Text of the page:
The Flash 100-Page Giant #1 features an all-new tale of the Scarlet Speedster, written by Gail Simone with art by Clayton Henry. In the 12-part arc “Glass Houses,” Barry Allen is dedicated to keeping the streets of Central City safe as the Fastest Man Alive. But when his old foe Mirror Master shows up looking to cause trouble, it’s up to the Flash to stop him. This book also debuts classic tales of the New 52 version of the Flash by Francis Manapul and Brian Buccellato, in addition to the spacefaring adventures of Adam Strange from 2004 by Andy Diggle and Pasqual Ferry, plus the classic New 52 “rebirth” of the World’s Mightiest Mortal, Shazam, from Geoff Johns and Gary Frank.

The Flash 100-Page Giant #1

Both the Justice League of America and Teen Titans Giants will retain their same contents but continue with new cover titles and will be renumbered with #1 issues. The Justice League of America 100-Page Giant becomes Wonder Woman 100-Page Giant #1, continuing the original Wonder Woman story by Amanda Conner, Jimmy Palmiotti ,Tom Derenick, and Chad Hardin, with “flashback” stories from Geoff Johns’ New 52 Justice League and Aquaman, plus 2006’s “Who Is Wonder Woman?” by Allan Heinberg, Rachel Dodson, and Terry Dodson.

Wonder Woman 100-Page Giant #1

The Teen Titans 100-Page Giant continues as Titans 100-Page Giant #1, with writer Dan Jurgens continuing his original story with art by Scot Eaton and Wayne Faucher. In addition, the book will continue the ongoing reprint stories from Geoff Johns and Tom Grummett’s Teen Titans from 2004, Peter Tomasi’s Super Sons from 2017’s DC Rebirth and Kenneth Rocafort, Dan DiDio, and Max Raynor’s Sideways from the New Age of Heroes.

Titans 100-Page Giant #1

Each 100-page comic sells for $4.99 and are available in more than 3,000 participating Walmart retailers in the United States.

Preview: Lowlifes #4 (of 4)

Lowlifes #4 (of 4)

Brian Buccellato (w) • Alexis Sentenac (a) • Brian Buccellato (c)

In the seedy Los Angeles underworld, lives intersect like freeway overpasses. When a crime boss’s poker game is robbed, three lowlifes—a bad cop, a drug addict, and a haunted criminal—attempt to stay one step ahead of each other, because redemption or destruction is their only ticket out…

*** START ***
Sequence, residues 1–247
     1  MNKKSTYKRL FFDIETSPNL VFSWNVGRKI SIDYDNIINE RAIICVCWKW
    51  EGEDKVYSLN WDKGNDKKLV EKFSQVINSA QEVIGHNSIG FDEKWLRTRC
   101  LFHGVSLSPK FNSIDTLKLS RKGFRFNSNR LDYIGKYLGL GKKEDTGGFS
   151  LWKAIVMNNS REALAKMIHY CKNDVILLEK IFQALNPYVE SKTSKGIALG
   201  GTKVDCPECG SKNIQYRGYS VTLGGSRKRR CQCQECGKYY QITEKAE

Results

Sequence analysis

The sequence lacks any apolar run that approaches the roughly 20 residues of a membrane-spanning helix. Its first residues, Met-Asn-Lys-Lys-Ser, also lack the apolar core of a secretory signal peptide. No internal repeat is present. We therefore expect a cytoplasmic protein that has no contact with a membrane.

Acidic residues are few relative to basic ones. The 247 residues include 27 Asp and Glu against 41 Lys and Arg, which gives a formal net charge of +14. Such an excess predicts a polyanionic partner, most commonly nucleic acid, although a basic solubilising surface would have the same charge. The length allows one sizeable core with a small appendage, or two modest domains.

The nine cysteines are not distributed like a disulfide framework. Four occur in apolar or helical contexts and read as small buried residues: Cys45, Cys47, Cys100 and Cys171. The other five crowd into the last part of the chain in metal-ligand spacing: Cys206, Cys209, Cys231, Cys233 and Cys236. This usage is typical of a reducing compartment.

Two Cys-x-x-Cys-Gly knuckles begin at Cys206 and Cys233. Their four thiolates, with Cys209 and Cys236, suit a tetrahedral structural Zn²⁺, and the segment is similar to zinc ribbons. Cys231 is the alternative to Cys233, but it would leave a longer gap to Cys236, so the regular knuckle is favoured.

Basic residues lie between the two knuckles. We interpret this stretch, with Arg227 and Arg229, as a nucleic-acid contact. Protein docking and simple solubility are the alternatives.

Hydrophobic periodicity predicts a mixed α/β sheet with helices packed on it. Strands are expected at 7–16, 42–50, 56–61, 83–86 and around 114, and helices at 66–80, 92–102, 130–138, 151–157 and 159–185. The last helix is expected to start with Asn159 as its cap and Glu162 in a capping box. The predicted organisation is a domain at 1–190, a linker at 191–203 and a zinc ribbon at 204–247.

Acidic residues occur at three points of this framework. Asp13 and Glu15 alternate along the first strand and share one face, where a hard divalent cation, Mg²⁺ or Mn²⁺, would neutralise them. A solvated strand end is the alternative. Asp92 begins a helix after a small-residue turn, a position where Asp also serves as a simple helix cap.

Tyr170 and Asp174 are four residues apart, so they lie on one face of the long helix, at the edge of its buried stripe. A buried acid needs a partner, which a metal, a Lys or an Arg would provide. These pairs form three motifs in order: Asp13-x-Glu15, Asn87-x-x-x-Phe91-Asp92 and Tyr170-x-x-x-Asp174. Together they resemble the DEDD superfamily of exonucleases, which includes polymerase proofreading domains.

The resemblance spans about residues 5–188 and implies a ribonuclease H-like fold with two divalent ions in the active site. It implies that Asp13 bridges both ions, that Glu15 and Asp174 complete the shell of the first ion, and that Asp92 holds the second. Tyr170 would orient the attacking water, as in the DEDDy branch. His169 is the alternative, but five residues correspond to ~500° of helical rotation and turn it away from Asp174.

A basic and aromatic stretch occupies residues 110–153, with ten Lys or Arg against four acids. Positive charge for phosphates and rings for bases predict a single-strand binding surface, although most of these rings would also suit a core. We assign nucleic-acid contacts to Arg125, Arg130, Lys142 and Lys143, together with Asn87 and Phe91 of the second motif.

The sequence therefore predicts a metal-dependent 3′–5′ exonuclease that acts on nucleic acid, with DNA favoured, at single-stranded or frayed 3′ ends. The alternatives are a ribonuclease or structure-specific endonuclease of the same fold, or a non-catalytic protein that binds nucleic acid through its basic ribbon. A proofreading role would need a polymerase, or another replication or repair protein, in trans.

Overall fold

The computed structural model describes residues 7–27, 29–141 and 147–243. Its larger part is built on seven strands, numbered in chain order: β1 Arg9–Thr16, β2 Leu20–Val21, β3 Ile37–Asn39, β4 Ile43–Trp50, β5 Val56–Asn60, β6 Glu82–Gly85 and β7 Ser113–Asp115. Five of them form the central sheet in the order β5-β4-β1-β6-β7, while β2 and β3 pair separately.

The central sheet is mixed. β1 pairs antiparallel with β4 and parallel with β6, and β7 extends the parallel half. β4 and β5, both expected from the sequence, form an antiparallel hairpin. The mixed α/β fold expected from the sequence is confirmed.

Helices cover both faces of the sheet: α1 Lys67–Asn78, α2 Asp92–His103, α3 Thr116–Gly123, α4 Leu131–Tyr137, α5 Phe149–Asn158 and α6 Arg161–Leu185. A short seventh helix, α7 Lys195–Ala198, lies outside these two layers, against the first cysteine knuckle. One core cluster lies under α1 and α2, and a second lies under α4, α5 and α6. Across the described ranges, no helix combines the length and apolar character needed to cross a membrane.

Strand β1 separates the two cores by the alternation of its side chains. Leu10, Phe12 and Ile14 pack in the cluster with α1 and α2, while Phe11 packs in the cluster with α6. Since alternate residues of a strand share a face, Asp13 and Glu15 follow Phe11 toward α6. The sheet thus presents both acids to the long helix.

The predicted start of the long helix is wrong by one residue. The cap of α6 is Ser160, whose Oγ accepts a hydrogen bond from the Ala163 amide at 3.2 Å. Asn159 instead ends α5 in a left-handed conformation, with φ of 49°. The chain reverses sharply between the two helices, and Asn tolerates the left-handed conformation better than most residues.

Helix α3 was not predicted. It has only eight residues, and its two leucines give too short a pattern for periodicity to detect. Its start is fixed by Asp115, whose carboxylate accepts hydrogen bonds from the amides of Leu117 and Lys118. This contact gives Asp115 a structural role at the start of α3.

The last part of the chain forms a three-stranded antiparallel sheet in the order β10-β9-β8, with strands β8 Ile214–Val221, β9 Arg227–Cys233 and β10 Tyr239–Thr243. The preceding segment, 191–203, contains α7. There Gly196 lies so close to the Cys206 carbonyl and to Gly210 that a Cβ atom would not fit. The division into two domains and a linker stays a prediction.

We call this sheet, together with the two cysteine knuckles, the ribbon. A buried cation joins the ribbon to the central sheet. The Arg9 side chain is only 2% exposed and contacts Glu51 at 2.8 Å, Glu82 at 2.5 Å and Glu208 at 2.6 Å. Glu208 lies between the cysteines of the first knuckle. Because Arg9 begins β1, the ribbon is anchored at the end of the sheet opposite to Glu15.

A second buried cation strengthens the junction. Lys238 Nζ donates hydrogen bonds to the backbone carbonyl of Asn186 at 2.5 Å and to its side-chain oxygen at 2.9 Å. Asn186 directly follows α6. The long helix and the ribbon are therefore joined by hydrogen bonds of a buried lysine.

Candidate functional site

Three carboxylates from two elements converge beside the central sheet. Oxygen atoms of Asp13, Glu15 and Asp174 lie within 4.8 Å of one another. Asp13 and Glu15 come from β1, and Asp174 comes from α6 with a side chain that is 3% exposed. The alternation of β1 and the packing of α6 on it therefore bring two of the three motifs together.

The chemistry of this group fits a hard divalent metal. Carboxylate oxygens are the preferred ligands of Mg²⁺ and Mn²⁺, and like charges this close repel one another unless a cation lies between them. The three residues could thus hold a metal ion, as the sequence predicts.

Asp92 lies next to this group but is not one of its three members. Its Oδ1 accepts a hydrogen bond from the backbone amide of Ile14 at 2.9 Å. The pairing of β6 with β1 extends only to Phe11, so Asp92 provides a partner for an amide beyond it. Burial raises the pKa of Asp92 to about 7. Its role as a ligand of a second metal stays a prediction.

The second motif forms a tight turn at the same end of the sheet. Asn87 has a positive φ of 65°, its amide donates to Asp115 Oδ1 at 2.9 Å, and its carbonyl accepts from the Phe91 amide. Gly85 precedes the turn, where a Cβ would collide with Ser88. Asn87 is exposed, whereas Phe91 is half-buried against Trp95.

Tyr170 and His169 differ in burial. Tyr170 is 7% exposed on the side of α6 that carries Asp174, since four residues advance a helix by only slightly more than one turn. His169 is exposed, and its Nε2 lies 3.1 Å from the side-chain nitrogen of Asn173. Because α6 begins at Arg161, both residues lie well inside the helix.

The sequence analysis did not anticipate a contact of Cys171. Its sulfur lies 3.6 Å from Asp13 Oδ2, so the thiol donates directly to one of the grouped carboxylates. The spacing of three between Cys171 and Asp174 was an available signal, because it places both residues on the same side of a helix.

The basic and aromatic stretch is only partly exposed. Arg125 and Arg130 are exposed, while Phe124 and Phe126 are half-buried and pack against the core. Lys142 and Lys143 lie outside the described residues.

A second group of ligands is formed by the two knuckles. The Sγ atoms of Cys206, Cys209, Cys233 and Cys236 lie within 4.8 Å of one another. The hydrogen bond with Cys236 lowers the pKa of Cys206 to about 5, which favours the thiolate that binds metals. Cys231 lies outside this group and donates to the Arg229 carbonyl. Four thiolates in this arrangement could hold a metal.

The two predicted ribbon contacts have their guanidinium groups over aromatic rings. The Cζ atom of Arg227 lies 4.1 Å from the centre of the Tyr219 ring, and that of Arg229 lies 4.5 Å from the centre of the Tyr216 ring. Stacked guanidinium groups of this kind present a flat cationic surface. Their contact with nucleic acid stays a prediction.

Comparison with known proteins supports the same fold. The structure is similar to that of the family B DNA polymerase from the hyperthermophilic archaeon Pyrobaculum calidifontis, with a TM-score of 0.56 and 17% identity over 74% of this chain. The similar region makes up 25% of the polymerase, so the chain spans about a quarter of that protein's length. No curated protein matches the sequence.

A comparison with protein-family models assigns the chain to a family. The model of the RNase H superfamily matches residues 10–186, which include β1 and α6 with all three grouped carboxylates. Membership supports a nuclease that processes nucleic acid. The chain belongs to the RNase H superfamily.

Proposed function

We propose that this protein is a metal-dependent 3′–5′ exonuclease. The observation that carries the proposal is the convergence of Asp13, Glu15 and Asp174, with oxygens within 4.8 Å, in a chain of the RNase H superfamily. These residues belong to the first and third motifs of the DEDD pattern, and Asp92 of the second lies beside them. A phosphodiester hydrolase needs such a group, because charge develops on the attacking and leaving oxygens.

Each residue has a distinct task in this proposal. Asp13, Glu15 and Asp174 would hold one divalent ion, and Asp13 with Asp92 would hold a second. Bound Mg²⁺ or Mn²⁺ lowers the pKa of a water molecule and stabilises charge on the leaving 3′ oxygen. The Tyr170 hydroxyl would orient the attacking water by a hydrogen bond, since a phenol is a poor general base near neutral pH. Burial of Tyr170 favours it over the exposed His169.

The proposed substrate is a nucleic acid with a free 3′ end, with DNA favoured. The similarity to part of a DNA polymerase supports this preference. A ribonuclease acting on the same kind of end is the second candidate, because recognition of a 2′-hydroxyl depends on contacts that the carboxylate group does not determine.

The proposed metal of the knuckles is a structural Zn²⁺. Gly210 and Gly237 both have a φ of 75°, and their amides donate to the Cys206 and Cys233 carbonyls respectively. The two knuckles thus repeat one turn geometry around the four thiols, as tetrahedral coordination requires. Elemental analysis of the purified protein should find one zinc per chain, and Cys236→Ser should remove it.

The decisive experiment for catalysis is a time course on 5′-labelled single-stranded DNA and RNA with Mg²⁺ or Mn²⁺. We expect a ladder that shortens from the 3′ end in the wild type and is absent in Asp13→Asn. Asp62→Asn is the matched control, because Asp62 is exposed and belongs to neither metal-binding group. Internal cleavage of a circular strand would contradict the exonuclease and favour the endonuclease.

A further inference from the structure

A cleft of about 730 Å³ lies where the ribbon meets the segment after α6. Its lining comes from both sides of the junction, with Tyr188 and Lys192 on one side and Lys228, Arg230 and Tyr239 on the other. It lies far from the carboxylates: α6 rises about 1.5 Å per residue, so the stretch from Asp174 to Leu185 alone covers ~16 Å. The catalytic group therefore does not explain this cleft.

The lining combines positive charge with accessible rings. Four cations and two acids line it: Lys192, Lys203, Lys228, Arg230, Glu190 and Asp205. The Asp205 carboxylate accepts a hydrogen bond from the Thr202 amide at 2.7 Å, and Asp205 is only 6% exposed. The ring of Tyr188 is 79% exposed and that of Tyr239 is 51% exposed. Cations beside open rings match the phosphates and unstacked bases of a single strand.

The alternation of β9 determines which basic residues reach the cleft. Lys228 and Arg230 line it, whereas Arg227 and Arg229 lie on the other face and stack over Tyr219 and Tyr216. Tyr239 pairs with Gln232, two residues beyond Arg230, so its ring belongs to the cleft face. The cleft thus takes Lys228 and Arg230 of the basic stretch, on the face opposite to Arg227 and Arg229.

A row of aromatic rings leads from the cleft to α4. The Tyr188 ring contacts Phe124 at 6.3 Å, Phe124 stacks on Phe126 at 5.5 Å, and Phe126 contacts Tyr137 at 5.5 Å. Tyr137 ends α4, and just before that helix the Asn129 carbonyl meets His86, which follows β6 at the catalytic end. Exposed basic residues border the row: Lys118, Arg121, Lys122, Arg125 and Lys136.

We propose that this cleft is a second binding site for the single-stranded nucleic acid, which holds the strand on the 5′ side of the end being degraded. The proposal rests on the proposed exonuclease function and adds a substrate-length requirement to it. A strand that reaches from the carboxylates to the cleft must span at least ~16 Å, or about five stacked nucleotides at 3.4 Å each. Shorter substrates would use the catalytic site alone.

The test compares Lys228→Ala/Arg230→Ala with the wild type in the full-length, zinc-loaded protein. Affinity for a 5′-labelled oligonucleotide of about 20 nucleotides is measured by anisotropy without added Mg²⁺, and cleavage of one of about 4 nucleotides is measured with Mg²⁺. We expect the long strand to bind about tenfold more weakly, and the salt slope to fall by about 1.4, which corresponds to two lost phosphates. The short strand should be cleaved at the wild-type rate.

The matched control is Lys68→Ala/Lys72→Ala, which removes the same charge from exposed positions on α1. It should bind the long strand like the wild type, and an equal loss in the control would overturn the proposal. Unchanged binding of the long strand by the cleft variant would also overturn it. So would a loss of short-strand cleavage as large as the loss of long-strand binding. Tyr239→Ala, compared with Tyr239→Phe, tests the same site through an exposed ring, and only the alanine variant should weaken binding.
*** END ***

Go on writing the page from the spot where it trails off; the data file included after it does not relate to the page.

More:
FC • 32 pages • $3.99

Preview: Lowlifes #3 (of 4)

Lowlifes #3 (of 4)

Brian Buccellato (w) • Alexis Sentenac (a) • Brian Buccellato (c)

In the seedy Los Angeles underworld, lives intersect like freeway overpasses. When a crime boss’s poker game is robbed, three lowlifes—a bad cop, a drug addict, and a haunted criminal—attempt to stay one step ahead of each other, because redemption or destruction is their only ticket out…

FC • 32 pages • $3.99

Preview: Lowlifes #2 (of 4)

Lowlifes #2 (of 4)

Brian Buccellato (w) • Alexis Sentenac (a) • Brian Buccellato (c)

In the seedy Los Angeles underworld, lives intersect like freeway overpasses. When a crime boss’s poker game is robbed, three lowlifes—a bad cop, a drug addict, and a haunted thug—attempt to stay one step ahead of the others, as redemption or destruction is their only ticket out…

FC • 32 pages • $3.99

Preview: Lowlifes #1

Lowlifes #1

Brian Buccellato (w) • Alexis Sentenac (a) • Brian Buccellato (c)

In the seedy Los Angeles underworld, lives intersect like freeway overpasses. When a crime boss’s poker game is robbed, three lowlifes—a bad cop, a drug addict, and a haunted thug—attempt to stay one step ahead of the others, as redemption or destruction is their only ticket out…

FC • 32 pages • $3.99

Review: Lowlifes #1

There should be a trigger warning on Brian Buccellato’s inaugural issue of Lowlifes, since IDW Publishing neglected to do so, I am giving one for my review.